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Congo's electoral battle spills onto the Web

3 min

In this edition: Congolese Web users mobilise for the presidential election; a Web-filtering system in Australia creates controversy; and the police in Arlington, Virginia hunt a criminal via the Web.


Election in Congo Republic

The people of the Republic of Congo headed to the polls on Sunday to elect their president.

The outgoing president, Denis Sassou Nguesso led an offensive campaign on the Net, using his official site (in French) with a collection of videos.

Meanwhile, the opposition called for a boycott. The independent candidate Romain Soussa claimed in a video (in French) that conditions necessary for a transparent election did not exist.

His opinion was shared by many Congolese citizens living abroad. A protest was organised the day before the election in Paris to denounce what was considered as electoral robbery.

But despite the accusations of fraud, some opposition candidates did not retract their candidacies. Matthias Dzon, a former finance minister, still led a campaign and posted videos of his tour of the south of the country on his Web site.

Others feared that the vote would lapse into violence. Singer Nzongo'Soul posted a song to encourage his compatriots to vote peacefully.

Australia: Web censorship

An advertising parody for toothpaste is the latest offensive by Australian Net users against their government’s Internet-filtering plans, which officially are aimed at fighting online paedophilia. The controversial measure would force Internet suppliers to block access to a number of black-listed sites, which has been denounced as an attack on right to information.

The black list is causing heated debate in the blogosphere, as it includes sites which advocate the legalisation of euthanasia and those declaring to be against abortion.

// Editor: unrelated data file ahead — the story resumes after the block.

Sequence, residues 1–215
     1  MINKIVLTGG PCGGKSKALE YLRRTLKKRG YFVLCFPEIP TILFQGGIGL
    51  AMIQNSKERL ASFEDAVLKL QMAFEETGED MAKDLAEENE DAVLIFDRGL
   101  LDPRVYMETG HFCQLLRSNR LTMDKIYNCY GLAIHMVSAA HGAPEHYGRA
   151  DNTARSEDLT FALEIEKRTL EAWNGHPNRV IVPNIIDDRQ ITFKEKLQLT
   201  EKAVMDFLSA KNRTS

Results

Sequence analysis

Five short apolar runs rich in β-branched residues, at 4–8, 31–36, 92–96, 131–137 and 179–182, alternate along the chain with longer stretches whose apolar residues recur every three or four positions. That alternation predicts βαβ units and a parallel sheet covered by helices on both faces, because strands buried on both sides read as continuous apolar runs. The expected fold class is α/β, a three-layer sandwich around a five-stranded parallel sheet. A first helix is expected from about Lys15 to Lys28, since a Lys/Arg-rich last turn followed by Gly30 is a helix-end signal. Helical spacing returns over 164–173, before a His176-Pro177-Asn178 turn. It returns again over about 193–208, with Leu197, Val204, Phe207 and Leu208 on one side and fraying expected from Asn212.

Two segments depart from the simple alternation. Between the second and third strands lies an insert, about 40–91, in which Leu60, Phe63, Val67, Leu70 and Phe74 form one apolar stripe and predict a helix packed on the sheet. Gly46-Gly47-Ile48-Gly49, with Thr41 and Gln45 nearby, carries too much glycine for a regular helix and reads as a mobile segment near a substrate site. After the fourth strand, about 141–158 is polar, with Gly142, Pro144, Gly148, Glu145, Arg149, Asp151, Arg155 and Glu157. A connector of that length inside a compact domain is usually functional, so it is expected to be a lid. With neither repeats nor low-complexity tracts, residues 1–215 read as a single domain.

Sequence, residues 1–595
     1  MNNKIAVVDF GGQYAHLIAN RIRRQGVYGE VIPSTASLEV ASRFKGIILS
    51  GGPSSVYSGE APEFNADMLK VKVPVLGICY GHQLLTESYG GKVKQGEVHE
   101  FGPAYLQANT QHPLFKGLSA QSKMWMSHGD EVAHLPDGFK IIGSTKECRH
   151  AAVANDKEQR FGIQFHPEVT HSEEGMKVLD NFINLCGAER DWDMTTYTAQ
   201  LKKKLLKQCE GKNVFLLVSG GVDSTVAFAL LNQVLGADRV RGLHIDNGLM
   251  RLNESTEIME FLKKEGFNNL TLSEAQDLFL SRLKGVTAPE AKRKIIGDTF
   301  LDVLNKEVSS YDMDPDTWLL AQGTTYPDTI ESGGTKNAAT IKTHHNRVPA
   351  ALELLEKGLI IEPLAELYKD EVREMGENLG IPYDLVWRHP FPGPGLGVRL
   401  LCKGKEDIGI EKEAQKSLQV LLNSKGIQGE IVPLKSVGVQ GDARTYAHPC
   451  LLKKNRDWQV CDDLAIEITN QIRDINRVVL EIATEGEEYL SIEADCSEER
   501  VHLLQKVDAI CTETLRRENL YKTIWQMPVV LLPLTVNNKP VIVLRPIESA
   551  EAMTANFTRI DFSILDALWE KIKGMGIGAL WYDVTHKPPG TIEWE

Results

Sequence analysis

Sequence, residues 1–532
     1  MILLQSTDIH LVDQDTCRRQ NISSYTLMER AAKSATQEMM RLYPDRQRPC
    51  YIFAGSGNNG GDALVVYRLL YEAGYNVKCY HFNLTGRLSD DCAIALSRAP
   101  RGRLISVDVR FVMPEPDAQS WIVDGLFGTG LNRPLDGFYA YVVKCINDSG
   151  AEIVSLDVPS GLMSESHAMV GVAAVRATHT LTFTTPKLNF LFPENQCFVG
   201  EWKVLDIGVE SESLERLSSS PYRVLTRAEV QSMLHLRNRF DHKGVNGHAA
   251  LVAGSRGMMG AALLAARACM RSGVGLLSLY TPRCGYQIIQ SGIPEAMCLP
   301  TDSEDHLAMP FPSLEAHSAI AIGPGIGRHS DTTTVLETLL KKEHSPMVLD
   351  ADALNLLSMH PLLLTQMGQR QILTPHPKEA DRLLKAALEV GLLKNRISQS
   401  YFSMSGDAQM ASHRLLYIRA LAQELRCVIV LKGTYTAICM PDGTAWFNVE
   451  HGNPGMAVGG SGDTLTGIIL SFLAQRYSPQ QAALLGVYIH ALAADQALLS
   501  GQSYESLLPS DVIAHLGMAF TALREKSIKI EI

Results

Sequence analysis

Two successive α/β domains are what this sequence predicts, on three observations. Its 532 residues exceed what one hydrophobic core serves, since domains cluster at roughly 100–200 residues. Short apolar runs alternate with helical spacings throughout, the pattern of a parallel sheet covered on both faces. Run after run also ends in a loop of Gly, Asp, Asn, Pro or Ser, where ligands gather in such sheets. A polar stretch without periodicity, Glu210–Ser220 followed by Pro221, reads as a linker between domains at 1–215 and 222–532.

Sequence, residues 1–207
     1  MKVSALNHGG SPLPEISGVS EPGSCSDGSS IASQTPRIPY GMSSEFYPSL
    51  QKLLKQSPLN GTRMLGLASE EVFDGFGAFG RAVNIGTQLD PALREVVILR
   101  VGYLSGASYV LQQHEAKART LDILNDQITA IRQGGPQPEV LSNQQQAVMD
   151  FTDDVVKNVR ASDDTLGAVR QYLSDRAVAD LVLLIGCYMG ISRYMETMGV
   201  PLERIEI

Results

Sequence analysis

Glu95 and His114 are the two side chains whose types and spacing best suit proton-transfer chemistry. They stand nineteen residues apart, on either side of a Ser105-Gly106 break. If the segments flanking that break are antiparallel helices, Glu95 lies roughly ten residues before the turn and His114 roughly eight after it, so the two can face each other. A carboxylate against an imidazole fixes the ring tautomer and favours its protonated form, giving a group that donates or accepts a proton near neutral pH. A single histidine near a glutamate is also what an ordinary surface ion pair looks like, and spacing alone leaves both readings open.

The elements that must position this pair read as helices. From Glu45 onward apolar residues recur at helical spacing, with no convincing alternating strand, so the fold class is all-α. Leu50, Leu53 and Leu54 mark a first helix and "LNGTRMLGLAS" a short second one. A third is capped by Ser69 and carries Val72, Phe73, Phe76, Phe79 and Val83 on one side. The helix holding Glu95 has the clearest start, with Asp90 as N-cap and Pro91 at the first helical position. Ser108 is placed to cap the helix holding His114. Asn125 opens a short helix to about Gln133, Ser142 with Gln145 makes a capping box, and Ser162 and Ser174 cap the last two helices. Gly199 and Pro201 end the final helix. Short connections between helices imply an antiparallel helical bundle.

And the Government recently announced it was planning to extend the measure to video games not recommended for children under 15. Among these games were the very popular, World of Warcraft & Second Life, pushing some players to cyber protest in virtual universes.

This video blogger comments that the filter would considerably slow down Internet speed on a national level and would also be very easy to by-pass for paedophiles used to evading this sort of system.

But others support the proposed censorship. This mother expresses her concern regarding her children’s upbringing and declares that young people should not be free to surf any site they wish.

This forum, set up by the Australian opposition invites net users to debate the issue. The aim being to find a solution to protect children without restricting the freedom of adults.

Online investigation

The police in Arlington, USA, are searching for an armed man who fired at an employee in a city centre shop on July 3. To track him down, 2 pieces of footage from surveillance cameras were posted on the town’s YouTube channel, with the hope that a Net user will identify the thief. In the US, the police are relying more and more on the Web to resolve certain cases.

Launched in February by the Kazakh Government, the video share site, Kaztube is being snubbed by the country’s Net users. And faced with this flop, the authorities have called on primary & secondary schools as well as universities to fuel the site by posting videos about the daily life of their establishments. The approach has been highly criticised by local bloggers, who already feel threatened by a recent law aiming to reinforce the role of the public authorities in controlling the Internet and its content.

Video of the day

Here is the latest Michael Jackson tribute to create an online buzz. It is a flash mob in Sweden in which dozens of people start dancing spontaneously to the King of Pop’s hit, Beat it. Something that greatly entertained passers-by.

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